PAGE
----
Digital Devil Story: Warrior of the Demon City, by Nishitani Aya

Fan translation by MeNaSe publications

Summary: (Taken from GoodReads) The consequences of summoning demons into the human world have not ended with the defeat of Loki. The Demon Summoning Program has created a link between the demon world and the human world, allowing greedy humans to bring forth the great evil god of ancient Egypt. Akemi Nakajima now has a greater enemy to face, as he tries to protect the woman he loves and the world he lives in, both now at risk because of him.

Thoughts: Second verse, same as the first. Well, to be fair, the second novel in the Digital Devil Story trilogy does more than the first one did, directly continuing the tale where the first book left off, and expanding the mythology and consequences of demon summoning in 1980s Japan. Nakajima returns, undergoes a redemption (reuniting with his mother and working to save the world), and gets the girl.

The girl who, I might add, spends most of the book being used as a sort of battery for Set to manifest physically in this reality so that he can start his takeover. Set, who was introduced at the very end of the previous novel, uses the body of Ohara’s unborn child as a jumping-off point in his plan to manifest. I suppose it’s something of a small mercy that Ohara had been killed by this point, given the rather gruesome way the fetus burst from her body…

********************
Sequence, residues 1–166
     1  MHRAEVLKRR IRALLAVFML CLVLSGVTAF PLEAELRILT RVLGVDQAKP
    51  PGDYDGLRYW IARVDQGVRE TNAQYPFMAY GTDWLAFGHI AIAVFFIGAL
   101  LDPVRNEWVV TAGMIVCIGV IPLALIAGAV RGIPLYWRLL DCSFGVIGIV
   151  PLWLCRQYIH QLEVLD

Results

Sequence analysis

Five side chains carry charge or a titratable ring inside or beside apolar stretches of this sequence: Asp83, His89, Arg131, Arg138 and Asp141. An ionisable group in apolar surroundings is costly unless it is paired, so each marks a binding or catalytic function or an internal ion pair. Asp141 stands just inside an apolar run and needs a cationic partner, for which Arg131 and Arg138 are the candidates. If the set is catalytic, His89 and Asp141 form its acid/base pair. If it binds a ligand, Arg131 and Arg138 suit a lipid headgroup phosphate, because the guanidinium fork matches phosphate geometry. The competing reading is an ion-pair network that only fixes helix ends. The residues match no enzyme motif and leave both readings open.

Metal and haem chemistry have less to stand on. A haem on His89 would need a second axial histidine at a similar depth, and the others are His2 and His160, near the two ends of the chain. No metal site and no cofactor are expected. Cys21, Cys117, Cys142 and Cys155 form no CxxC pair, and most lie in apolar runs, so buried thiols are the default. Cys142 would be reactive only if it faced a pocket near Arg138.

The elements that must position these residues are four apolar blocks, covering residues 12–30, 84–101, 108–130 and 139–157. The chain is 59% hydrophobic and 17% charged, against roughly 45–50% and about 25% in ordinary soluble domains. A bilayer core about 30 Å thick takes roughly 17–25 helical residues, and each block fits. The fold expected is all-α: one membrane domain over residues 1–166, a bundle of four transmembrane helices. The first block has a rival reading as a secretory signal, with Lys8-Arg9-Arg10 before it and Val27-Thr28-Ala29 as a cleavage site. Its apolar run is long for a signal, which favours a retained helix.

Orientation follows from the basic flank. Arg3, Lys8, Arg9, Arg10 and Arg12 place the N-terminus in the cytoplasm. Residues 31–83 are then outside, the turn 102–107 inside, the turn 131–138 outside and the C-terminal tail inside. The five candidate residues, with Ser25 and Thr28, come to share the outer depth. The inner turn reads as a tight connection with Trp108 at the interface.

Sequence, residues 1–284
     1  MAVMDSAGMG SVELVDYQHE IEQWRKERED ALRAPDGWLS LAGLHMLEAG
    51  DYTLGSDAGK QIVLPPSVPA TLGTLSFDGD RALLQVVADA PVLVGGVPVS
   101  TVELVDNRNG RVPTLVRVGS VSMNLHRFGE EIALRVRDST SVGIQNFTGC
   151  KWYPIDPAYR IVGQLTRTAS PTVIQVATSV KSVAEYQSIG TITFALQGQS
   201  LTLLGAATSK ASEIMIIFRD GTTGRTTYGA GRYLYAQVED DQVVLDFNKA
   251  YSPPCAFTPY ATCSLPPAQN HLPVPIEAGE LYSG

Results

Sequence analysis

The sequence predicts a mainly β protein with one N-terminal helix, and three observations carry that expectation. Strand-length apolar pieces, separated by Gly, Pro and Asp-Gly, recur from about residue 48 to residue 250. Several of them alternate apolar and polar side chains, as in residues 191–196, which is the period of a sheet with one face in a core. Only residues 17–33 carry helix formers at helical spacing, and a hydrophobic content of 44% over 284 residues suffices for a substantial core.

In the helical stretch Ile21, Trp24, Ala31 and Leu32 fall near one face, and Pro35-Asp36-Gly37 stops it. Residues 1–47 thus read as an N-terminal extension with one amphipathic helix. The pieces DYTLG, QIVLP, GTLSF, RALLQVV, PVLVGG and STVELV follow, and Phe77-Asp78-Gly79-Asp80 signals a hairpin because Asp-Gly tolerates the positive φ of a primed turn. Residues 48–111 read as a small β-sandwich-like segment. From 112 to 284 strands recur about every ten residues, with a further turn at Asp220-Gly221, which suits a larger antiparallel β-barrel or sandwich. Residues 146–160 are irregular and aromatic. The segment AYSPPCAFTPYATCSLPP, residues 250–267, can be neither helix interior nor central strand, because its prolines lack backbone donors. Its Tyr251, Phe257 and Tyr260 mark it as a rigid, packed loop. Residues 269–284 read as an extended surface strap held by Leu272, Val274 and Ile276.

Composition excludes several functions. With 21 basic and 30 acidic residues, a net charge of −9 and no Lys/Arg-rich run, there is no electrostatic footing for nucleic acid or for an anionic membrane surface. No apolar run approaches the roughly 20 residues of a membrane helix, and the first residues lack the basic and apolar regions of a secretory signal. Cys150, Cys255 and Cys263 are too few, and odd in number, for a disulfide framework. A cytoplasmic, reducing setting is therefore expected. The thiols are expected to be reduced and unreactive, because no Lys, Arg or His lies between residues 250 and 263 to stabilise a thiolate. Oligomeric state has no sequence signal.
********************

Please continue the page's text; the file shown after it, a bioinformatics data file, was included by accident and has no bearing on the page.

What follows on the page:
Nishitani uses an interesting mix of mythology in this series, drawing from the works of Lovecraft and various real-world myths and histories, as well as throwing his own original interpretations into the mix. The overall feeling is of something quite creative, even if the characters themselves are a little shallow. The length of the novels prohibits a greater amount of development, sadly, and most of the story feels like you’re reading a synopsis rather than a book.

Much like with the first novel, I can’t help but compare this to the series of games that these books inspired. It’s amazing to see the seeds of what would eventually become major parts of the games (the book’s “biological Magnetite” is what started the concept of Mag being needed to summon demons in various SMT games). Fascinating to see, though many of the things that interested me wouldn’t really hold any appeal to those who aren’t fans of the game series.

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